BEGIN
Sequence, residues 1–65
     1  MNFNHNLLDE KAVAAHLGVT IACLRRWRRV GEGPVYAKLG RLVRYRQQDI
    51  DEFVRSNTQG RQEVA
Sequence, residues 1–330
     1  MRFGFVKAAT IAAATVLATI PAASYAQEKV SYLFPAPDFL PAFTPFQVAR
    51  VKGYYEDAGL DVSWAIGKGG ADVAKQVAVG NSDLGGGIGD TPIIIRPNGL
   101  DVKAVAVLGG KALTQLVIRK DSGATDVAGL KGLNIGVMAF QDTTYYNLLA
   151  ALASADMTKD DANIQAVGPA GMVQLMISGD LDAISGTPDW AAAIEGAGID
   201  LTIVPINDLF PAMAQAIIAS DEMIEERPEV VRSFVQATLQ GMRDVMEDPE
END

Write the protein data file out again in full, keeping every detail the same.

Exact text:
Sequence, residues 1–65
     1  MNFNHNLLDE KAVAAHLGVT IACLRRWRRV GEGPVYAKLG RLVRYRQQDI
    51  DEFVRSNTQG RQEVA
Sequence, residues 1–330
     1  MRFGFVKAAT IAAATVLATI PAASYAQEKV SYLFPAPDFL PAFTPFQVAR
    51  VKGYYEDAGL DVSWAIGKGG ADVAKQVAVG NSDLGGGIGD TPIIIRPNGL
   101  DVKAVAVLGG KALTQLVIRK DSGATDVAGL KGLNIGVMAF QDTTYYNLLA
   151  ALASADMTKD DANIQAVGPA GMVQLMISGD LDAISGTPDW AAAIEGAGID
   201  LTIVPINDLF PAMAQAIIAS DEMIEERPEV VRSFVQATLQ GMRDVMEDPE